Finally, an interview with a Middle America Trump voter worth watching. Christopher Gibbs is an Ohio farmer hit hard by the trade war with China.
He was a Trump voter, but is not one now.
"I was on the Trump train, I was off the Trump train, back and forth" Gibbs told Kate Bolduan. "I finally got off at Helsinki. Helsinki was a mess, to me. I couldn't stand the waffling and all of that with Putin, so I'm off the Trump train."
He went on to explain that he has to keep his farm afloat even while Trump uses his patriotism as a wedge, causing Bolduan to leap in and ask him about (Tehran) Tom Cotton's despicable comments earlier in the week minimizing the farmers' sacrifices because they aren't made in combat.
"You speaking out against the trade war, is that unpatriotic, Christopher?" Bolduan asked.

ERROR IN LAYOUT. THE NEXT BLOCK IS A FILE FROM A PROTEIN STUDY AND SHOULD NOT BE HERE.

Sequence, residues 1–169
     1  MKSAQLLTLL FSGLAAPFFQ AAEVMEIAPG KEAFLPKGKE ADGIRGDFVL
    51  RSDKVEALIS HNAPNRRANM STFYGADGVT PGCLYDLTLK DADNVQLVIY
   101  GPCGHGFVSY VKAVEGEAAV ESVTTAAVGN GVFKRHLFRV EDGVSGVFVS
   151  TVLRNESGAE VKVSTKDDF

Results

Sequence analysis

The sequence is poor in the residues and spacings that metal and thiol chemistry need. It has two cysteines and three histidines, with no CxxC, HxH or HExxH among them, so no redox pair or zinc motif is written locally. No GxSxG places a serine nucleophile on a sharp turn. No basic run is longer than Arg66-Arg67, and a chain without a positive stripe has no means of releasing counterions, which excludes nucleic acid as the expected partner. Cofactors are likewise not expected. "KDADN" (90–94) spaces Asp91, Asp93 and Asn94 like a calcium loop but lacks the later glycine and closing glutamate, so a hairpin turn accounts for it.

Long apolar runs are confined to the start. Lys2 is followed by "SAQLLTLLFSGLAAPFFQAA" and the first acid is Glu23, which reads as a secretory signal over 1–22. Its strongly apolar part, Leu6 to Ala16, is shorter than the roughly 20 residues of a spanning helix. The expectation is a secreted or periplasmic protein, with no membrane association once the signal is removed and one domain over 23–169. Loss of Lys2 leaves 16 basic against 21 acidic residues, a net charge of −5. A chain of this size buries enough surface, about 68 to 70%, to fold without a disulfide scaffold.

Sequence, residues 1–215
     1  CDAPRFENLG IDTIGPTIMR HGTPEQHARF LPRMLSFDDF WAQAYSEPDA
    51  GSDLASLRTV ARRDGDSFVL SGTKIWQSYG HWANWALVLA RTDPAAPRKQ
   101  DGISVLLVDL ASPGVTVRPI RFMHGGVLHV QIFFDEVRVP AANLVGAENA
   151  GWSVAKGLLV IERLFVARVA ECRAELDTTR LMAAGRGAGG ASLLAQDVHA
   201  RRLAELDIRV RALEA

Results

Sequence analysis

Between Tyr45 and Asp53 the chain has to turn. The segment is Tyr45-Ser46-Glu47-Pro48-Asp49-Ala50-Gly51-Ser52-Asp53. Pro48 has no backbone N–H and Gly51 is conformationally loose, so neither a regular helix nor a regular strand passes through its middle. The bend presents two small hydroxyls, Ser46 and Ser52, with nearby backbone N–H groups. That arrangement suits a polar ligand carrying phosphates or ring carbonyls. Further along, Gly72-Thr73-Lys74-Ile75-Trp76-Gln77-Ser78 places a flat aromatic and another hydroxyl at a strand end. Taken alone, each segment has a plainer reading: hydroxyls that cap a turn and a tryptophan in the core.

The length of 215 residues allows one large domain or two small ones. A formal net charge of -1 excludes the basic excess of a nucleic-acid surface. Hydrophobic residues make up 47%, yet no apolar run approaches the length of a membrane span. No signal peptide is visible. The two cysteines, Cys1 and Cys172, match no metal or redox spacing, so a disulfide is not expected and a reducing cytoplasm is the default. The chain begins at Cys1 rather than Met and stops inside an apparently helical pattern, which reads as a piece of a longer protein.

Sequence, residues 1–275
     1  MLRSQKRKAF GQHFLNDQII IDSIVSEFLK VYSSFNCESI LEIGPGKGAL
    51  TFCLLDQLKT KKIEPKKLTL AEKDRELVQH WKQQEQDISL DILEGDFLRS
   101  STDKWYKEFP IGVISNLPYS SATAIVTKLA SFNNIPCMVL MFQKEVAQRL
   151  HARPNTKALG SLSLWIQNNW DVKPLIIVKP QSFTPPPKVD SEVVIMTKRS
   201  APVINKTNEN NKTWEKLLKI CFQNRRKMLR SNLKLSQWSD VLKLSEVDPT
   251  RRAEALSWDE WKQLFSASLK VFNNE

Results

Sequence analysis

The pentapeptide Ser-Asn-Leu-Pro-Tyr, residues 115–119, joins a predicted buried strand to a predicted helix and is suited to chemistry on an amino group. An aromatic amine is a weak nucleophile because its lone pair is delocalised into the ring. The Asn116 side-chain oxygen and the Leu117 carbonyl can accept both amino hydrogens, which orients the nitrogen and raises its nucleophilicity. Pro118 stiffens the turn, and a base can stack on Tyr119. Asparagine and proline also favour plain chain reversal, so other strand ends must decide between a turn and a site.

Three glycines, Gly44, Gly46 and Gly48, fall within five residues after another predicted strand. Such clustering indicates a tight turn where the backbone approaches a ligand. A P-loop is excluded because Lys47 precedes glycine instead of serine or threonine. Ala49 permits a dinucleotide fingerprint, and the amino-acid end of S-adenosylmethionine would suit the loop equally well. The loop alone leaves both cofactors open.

"No, certainly not unpatriotic at all," Gibbs replied. "I'm not going to have my -- certainly not going to have my patriotism questioned! I'm not sure why the president is even bringing this up."
He continued, "Listen, for me to be a patriot, the best thing I can do is take care of my family, to take care of my farm and make sure that I stay viable, because farmers buy things. They buy things that are manufactured."
"By the way, do you know what we buy? We buy things made out of steel, aluminum," he said. "So that's our duty. and why we have to take one in the shorts just so that the president can have a talking point and be tough on China just is a little bit beyond me."
Me too. I have questions, many, many questions. I'm curious about which short sellers benefit from Trump's comments, causing markets to tank. I want to know what genius thinks killing Midwestern farms is good politics, and I want to know what Trump hopes to get out of China if he manages to do a deal. Those manufacturing jobs are never coming back because no American wants to make minimum wage in a textile plant. So what is the actual goal here? And does Trump really think they can just keep buying off the farmers in order to shut them up?